We’ve all seen the promotions: Brand X donates a portion of its sales to a worthy cause, which can be anything from support for a local school to breast cancer research. It’s called “cause-related marketing,” and it is rapidly becoming one of the best ways for businesses to embroider their brands, writes Alden Keene & Associates principal Paul Jones in his blog by that name.
“Cause-related marketing, or CRM, is a way to link nonprofits and corporations in a way that benefits both,” Jones told CRM Buyer. “For corporations, it is a way to do good and increase sales at the same time.”
It has been steadily growing over the last five to six years, he said. Besides building a brand and increasing sales, it is also a form of relationship-building with a customer. “People like the feeling they get when they buy a product that will help a cause at the same time.”
In his post, “Public Policy Cause-Related Marketing,” Jones points to news that Oliver’s Artisan Breads in Los Angeles will donate 10 percent of net profits from its store line of breads to the Bread for the World Institute, “the first case of a CRM campaign benefiting an advocacy and public policy charity I can think of.
“By contrast, money from cause marketing campaigns at Susan G. Komen goes to breast cancer research and breast cancer education and awareness. When you clip Box Tops for Education the money goes to local schools.
“It probably goes without saying that it takes a very particular kind of sponsor to engage in a cause-related marketing campaign for a public policy charity.”
Analzying the Platform-as-a-Service Model
By now, anyone involved in the CRM market can recite the business case for a Software as a Service application. The return on investment for Platform as a Service, though? There’s still plenty of room for debate. In CIO’s Guide to On-Demand,Ryan Nichols takes a stab at delineating the parameters of this concept.
One frequently heard claim is that nobody can build a “big” business using someone else’s platform, he notes in the beginning of his post — and then he quickly debunks it.
“We don’t buy this argument. Lots of big businesses have been built using the platform capabilities of others. To extend the standard analogy comparing on-demand technology platforms to the electric grid, lots of great companies have been built without building their own ‘power plants.’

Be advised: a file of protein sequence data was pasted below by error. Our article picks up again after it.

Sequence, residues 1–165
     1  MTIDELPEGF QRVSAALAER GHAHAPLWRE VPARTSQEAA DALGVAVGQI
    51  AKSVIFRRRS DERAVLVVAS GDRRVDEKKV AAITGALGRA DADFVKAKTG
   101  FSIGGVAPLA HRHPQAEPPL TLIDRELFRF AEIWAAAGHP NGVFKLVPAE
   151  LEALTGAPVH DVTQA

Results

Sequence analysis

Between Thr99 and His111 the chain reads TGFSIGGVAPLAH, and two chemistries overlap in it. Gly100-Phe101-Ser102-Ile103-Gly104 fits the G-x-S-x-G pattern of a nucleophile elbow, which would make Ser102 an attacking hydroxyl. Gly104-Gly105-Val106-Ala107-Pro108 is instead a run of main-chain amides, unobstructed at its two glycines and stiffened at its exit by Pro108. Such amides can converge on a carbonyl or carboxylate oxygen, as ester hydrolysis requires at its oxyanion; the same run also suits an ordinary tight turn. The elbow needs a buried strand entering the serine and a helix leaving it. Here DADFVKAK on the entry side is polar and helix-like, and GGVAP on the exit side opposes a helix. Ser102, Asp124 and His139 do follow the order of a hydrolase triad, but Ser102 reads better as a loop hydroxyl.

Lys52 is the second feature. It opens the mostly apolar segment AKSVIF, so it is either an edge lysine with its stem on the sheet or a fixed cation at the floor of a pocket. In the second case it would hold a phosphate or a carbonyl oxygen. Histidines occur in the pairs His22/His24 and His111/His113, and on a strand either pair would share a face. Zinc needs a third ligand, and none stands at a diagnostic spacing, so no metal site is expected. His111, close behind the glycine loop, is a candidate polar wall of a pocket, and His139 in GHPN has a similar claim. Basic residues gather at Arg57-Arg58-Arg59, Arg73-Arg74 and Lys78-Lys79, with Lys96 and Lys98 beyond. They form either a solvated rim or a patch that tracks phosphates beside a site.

“The Oracle database platform provides another set of examples. There’s no reason for this to change. Plenty of great businesses will be built throughout the technology value chain, including platform providers, tools providers, and platform consumers that deliver business value directly to the customer.” The real question, Nichols says, is this: “Is the pie big enough to build great companies on a slice of it?”
For a lot of reasons, Nichols expects to see the current US$300 billion IT on-premise ecosystem transform into a $100 billion on-demand industry.
Digium’s Path to Profits
Many open source companies are still struggling to line up resellers because how to make money off of open source is still an open question, writes Joe Panettieri at“Digium Lines Up 250 Channel Partners for Asterisk.”
Not so, though, for Digium, the poster child for Asterisk — the open source IP PBX (private branch exchange) platform. In its case, more than 250 partners are banging on the company’s door because it really has built a better mousetrap, Panettieri writes.
“Similar to Linux’s impact on the operating system market,” he continues, “Asterisk is disrupting the traditional PBX market — which is filled with legacy, proprietary, expensive telephony platforms.
“Using Asterisk, solutions providers can dive into the open source code, make specific customer modifications, and integrate IP PBXes with open source CRM and call center software. Or, less sophisticated partners can simply resell Digium’s Asterisk products with little or no tinkering at all,” Panettieri suggests.
The kicker, though, is Digium recently inked a global distribution deal that could raise Asterisk’s visibility worldwide — and it has unified its channel program across its base of Digium and Switchvox resellers, he writes.
A handful of grocery chains — including PriceChopper and Wegmans — have started using CRM data to alert customers to product recalls, notes Evan Schuman, a former retail technology editor, in his latest blog post, “PriceChopper Using CRM To Alert Customers To Recalls.” It’s yet another reason why customers will want to use their loyalty cards, he writes.
The program at PriceChopper, a 116-store grocery chain in New York, Connecticut, Massachusetts, New Hampshire, Pennsylvania and Vermont, is especially interesting, as it uses an automatic phone-calling system to instantly and simultaneously reach out to impacted customers, he says. “Last month, the system was used to reach out to some 12,000 customers because of a recall of Samuel Adams beer due to glass fragments.”